Murtaugh was a professional doing a job. It was nothing Personal.
Fifteen thousand dollars was a lot of money. Hell, if he was a bounty hunter, he would've gone after it, too.
Dan had already caused the death of two innocent people.
Now two more were going to die because of him. The torment of watching Emory Blanchard bleed to death, and knowing he was the one who'd pulled that trigger, came back to him full force. He couldn't stand the thought of Murtaugh and Eisley somewhere in the dark, destined to be either beaten or shot.
And what could he do about it?
Forget about them? Just let it go?
If he did, how in the name of God could he ever call himself a man again?
"I'm ready," Burt said. "My boat's at the dock."
The aluminum motor skiff had room for three people, a fourth would have had to straddle the Evinrude. "Throw the lines off!" Burt directed Dan as he got the engine cranked.
Then Burt steered them away from the dock They picked up speed and followed the bayou south past another warehouse and an area where several dredgers and floating cranes were tied up. The air smelled of petroleum and rust, the light turmng lavender-gray as the sun began to rise.
Arden sat at the front of the boat, her body bent s4htly forward as if in anticipation, the warm wind blowing through her hair. Dan watched her hand kneading the drawstring bag. After a few minutes he looked back and saw the derricks of St. Nasty receding against the violetsky. Then he looked forward again, toward whatever lay ahead.
The boat growled on through the dark-brown foamy water. On either side of the bayou, half-submerged trees and vegetation boiled up in a wild variety of green fronds, @ moss, spindly m, gold-veined fans, and razor-edged saw grass. Here and there flowers of startling red, yellow, or purple had opened their petals amid the tangle of thorns or rigid palmetto spikes. Burt tapped Dan's shoulder and pointed to the right, and Dan saw a four-foot-long alligator sitting on the decaying length of a fallen tree, a crumpled white heron in its jaws.
As they followed the bayou farther away from St. Nasty, the smell of crude oil and machinery was left behind as well.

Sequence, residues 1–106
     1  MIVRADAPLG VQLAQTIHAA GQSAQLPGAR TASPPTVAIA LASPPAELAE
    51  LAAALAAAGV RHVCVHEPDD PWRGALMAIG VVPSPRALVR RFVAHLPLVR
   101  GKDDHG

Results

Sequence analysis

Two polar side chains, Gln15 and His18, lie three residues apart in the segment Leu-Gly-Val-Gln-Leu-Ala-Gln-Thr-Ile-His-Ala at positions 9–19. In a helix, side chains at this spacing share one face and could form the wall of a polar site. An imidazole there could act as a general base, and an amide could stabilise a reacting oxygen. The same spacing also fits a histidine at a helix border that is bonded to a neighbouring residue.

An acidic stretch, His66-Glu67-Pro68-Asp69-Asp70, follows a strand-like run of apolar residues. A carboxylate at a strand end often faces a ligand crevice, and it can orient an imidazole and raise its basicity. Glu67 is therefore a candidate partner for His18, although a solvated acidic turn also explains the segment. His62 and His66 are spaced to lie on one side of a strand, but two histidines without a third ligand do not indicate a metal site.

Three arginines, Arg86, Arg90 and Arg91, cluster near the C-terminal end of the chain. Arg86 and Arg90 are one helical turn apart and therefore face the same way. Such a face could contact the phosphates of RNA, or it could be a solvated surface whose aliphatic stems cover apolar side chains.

The sun had started throwing golden light across the water and through the thick boughs, and the cloudless sky was changing from gray to pale blue. Dan could feel the humid heat building, fresh sweat blotching his dirty T-shirt. Occasionally they passed th'e entrances to other, narrower channels, most of them choked up with swamp grass and duck weeds. Dan smelled sweet wild honeysuckle mingled with the earthier aroma of rotting vegetation. They rounded a bend in time to see a dozen white herons flying low across the water, then the birds disappeared amid the trees. The sunlight was strengthening, sparkling off the tea-wlored surface, and the early beat promised misery by nine o'clock.
Burt turned them into a bayou that wound off to the left from the main channel. They'd gone maybe fifty yards when Arden saw a piece of board with a skull and crossbones crudely painted on it in white nailed to a treetrunk. She got Burt's attention and motioned to the sign, but he only nodded. A second skull-and-crossbones sign was nailed to a tree farther up the bayou, this one in red.
"'Little Train don't care much for people!" Burt told Dan over the motor's snarl. "It's okay, though! He trusts me, we get along all right!"
The bayou's green walls closed in. Thirty feet overhead the tree branches merged, breaking the light into yellow shards. Burt reduced their speed by half and steered the curve of another bend where the mossy tree trunks were as big around as tractor tires. And there, ahead of them in a still and silent cove, was Little Train's house.
Technically it was a houseboat, but from the looks of the vines and moss that had grown over its dark green sides, like fingers enfolding it into the wilderness, it hadn't been moved for many years.